With Thomond Park regularly attracting a capacity 26,000 audience for the festive derby, the scope to pocket as much as Leinster manage is reduced. That said, an additional attendance of 15,000, based on the South African game, and potentially 18,000 with eased health and safety restrictions, could generate an extra €300,000 for Munster after paying for the use of the facility.
Factor in too the expanded commercial potential of playing in Cork. Munster’s commercial department received 76 enquiries, significantly higher than games in Thomond Park attract, for the Páirc Ui Chaoimh event and did a brilliant job in maximising their return from that activity.
It’s no secret that Munster Rugby has become so Limerick-centric that the connection that existed between the team and its support base from the south of the province - including commercial - has been diluted in recent times. A significant amount of those have responded with their feet and no longer travel to Limerick for URC games.
Much of Munster’s current support base started going to games as kids with their parents when the team took Europe by storm in the noughties. That’s not happening with anything like the same frequency today. That’s why the volume of young kids who witnesses Munster in the flesh, many perhaps for the first time against the tourists, will remember that night forever and will look to experience it again.
After last Saturday’s win over Connacht, Graham Rowntree fully endorsed the Páirc Ui Chaoimh experiment. “Some of the guys said it was the best game they ever played in terms of atmosphere. We needed it. It was important for the club on so many fronts. It was just such an incredible night; the crowd were excellent, and it is a great stadium."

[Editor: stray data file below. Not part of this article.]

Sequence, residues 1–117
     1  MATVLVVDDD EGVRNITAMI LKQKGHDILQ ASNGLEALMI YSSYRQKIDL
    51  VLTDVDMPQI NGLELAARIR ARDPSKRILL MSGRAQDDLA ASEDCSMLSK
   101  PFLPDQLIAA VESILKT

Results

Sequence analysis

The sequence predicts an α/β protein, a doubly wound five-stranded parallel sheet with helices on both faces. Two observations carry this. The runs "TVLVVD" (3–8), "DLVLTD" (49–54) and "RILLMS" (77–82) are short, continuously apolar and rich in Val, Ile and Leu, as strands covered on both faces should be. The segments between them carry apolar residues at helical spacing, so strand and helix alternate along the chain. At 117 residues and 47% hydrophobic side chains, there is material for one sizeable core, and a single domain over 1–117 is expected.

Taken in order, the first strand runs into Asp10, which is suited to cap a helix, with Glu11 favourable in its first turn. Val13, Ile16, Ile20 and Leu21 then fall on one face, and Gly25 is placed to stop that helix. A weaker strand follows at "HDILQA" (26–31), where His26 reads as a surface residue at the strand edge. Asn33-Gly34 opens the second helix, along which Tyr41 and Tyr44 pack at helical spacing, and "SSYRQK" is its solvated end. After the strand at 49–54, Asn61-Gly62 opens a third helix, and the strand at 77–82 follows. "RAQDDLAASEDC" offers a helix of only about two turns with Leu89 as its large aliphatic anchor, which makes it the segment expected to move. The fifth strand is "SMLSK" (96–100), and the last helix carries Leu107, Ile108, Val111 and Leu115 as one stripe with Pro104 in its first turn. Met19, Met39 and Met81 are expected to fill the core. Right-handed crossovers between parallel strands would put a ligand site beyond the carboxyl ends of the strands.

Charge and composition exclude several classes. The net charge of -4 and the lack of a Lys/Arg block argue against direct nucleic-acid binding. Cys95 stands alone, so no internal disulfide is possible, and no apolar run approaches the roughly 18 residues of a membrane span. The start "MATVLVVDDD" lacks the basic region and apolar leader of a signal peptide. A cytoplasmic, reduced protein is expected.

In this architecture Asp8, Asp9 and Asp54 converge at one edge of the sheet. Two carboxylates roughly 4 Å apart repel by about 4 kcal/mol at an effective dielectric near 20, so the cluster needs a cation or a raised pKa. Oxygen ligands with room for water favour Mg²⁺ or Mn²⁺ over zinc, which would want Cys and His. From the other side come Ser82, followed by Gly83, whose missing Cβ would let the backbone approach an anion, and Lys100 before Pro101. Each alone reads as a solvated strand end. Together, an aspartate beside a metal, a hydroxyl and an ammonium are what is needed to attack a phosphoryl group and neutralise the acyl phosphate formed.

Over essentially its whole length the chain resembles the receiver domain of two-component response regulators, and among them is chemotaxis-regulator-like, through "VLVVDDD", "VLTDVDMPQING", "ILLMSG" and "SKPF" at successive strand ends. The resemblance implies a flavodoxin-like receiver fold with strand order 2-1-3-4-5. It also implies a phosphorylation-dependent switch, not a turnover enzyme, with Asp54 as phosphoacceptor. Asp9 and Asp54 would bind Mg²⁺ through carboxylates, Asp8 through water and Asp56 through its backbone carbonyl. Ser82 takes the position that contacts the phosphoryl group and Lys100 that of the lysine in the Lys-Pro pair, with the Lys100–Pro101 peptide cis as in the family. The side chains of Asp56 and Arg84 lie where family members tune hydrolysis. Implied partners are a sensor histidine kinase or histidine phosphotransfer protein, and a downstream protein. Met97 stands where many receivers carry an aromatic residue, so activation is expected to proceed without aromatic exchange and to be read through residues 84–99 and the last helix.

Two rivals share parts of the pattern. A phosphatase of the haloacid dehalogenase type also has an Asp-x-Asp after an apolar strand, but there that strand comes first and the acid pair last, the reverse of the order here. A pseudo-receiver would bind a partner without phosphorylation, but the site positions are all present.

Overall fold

When it was first mooted that the St. Stephen’s Day derby might be shifted to Páirc ui Chaoimh, there was a frenzy of excitement about the prospect. With thousands returning home for the festive season, coupled with many more craving a festive sporting outlet, Munster have the opportunity to create a major event every year.
Even more important than the potential to increase revenue is the opportunity to showcase Munster rugby to a wider audience. The flags of all six counties were proudly displayed in Páirc ui Chaoimh for the South Africa game. Munster has to recognise the need to grow audience and attract more neutrals to its games.
For whatever reason, when the prospect of playing a touring side at Páirc Ui Chaoimh was first mooted at a meeting of the Munster hierarchy, there was a strong reluctance from some of the Limerick contingent to even contemplate the prospect. What are they afraid of?
Apparently one of the delegates responded sarcastically, asking “where’s Cork”.
The obvious answer - "it’s where the majority of our squad come from" - was, apparently, too close to the bone for any of his southern-based counterparts to highlight.
But after a captivating night at Páirc Ui Chaoimh, even if he didn’t make the effort to attend, he now knows where Cork is.